Bao Fan, Missing Chinese Banker, Resigns After Investigation

After disappearing nearly a year ago as part of an investigation by Chinese authorities, prominent investment banker Bao Fan has resigned as chairman and chief executive of China Renaissance Holdings, the company said on Friday. Mr. Bao, a deal-making banker for Chinese internet giants Alibaba and Tencent, went missing last February. China Renaissance initially said it had lost contact with Mr. Bao before later stating that he was cooperating with an investigation being carried out by the authorities in China. Mr. Bao’s disappearance signaled an escalation in Beijing’s crackdown on…

Hong Kong Pushes New Security Law to Root Out ‘Seeds of Unrest’

The Hong Kong government will enact a long-shelved security law to curb foreign influence and expand the definition of offenses like stealing state secrets and treason, officials announced on Tuesday, in a move expected to further silence dissent in the once-freewheeling Chinese territory. The proposed law would lay out five major areas of offenses: treason, insurrection, theft of state secrets, sabotage and external interference. Some of the definitions would echo mainland Chinese treatments of those offenses. “Foreign intelligence organizations, the C.I.A. and British intelligence agencies have publicly stated that they…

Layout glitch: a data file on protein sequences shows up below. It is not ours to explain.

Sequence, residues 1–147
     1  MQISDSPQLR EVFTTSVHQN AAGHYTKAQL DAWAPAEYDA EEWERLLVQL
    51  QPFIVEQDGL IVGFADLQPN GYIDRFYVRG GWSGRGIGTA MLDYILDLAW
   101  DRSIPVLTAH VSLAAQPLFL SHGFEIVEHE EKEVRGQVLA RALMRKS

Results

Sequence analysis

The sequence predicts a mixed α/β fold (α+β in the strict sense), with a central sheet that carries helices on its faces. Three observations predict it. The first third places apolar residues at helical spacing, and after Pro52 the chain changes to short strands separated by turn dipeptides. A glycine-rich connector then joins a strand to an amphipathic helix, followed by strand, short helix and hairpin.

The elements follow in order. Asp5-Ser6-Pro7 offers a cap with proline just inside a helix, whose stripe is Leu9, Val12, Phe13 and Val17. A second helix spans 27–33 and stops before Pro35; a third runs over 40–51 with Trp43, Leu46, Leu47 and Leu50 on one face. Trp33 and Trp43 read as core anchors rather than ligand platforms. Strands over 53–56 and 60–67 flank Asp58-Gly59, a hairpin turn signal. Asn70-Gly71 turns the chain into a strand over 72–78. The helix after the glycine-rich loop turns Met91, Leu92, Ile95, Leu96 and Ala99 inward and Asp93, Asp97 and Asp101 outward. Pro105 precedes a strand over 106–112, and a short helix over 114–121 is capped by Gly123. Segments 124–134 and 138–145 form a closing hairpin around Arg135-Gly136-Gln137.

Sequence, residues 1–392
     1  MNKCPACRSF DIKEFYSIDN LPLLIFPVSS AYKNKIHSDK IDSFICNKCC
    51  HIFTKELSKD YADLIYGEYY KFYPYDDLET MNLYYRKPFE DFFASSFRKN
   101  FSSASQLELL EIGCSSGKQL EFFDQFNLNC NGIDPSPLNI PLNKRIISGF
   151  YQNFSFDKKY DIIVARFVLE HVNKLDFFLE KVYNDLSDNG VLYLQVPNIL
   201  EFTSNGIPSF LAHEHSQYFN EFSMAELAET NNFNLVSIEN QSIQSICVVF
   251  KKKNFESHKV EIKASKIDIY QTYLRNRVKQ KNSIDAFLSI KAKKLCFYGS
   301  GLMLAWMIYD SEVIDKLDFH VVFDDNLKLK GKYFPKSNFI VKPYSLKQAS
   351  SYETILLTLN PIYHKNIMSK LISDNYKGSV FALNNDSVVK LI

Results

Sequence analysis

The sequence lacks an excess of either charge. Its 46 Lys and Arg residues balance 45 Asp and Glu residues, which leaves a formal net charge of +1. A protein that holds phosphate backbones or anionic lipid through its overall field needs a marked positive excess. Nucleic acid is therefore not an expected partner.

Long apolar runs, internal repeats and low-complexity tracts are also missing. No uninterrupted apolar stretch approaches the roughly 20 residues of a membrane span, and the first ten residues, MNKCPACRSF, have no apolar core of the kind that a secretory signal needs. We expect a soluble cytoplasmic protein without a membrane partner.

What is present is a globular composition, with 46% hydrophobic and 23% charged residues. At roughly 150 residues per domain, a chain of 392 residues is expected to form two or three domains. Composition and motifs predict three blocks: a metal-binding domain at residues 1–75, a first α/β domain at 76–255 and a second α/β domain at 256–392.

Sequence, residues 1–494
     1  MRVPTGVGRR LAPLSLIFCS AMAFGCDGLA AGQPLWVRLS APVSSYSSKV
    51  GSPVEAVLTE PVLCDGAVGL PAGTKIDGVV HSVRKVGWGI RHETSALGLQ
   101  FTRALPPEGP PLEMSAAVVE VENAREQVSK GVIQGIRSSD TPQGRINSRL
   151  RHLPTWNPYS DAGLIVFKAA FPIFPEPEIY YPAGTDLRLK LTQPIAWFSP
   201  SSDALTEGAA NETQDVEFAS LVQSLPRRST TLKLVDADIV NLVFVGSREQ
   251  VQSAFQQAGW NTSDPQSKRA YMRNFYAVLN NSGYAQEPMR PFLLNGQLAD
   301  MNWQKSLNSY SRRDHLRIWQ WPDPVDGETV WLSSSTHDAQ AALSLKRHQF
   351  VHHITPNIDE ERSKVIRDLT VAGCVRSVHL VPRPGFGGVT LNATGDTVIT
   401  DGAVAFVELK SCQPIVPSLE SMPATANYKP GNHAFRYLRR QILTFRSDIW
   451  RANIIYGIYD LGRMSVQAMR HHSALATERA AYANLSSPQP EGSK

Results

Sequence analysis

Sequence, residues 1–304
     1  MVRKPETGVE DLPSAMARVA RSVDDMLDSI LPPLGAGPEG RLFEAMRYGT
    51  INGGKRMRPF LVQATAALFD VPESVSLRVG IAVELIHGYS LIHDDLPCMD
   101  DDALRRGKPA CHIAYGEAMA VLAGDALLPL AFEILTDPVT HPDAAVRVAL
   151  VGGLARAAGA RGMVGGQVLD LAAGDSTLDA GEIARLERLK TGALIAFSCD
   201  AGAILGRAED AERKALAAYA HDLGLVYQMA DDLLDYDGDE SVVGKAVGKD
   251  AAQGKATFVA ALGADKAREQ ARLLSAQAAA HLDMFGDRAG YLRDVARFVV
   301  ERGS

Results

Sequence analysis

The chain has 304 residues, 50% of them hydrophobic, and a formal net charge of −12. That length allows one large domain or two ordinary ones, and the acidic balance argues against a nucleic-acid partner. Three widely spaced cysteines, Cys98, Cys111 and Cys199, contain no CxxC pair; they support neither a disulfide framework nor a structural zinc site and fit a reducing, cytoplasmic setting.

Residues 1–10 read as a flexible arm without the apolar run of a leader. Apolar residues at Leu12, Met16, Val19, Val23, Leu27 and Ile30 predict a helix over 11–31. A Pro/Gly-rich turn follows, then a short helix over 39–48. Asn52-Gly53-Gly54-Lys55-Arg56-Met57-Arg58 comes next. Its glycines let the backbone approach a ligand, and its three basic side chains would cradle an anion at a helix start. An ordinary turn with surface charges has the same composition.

As China’s Markets Stumble, Japan Rises Toward Record

There’s a shift underway in Asia that’s reverberating through global financial markets. Japan’s stock market, overlooked by investors for decades, is making a furious comeback. The benchmark Nikkei 225 index is edging closer to the record it set on Dec. 29, 1989, which effectively marked the peak of Japan’s economic ascendancy before a collapse that led to decades of low growth. China, long an impossible-to-ignore market, has been spiraling downward. Stocks in China recently touched lows not seen since a rout in 2015, and Hong Kong’s Hang Seng Index was…

China Appears to Backpedal From Video Gaming Crackdown

Chinese regulators on Tuesday appeared to backpedal from a plan to reduce how much money people spend on online video games, after the proposal had tanked video gaming companies’ stocks and raised doubts about the government’s commitment to reviving China’s slowing economy. The draft rules disappeared from the website of the National Press and Publication Administration, the agency overseeing the proposal, after previously being posted there for public comment. Instead, the page displayed an error. The agency, which issues licenses to game publishers and regulates the industry, did not issue…

China’s Youth Unemployment Rate Is Back, and Better

After suspending the public release of youth unemployment rates last year, China started distributing the information again on Wednesday, using a different measurement criteria that lowered the figure significantly. China’s National Bureau of Statistics stopped announcing the jobless rate among 16- to 24-year-olds after the figure climbed for six consecutive months to 21.3 percent in June, a record high. The government said when it suspended the numbers for July that the collection of the information needed to be “further improved and optimized.” The growing number of unemployed young people had…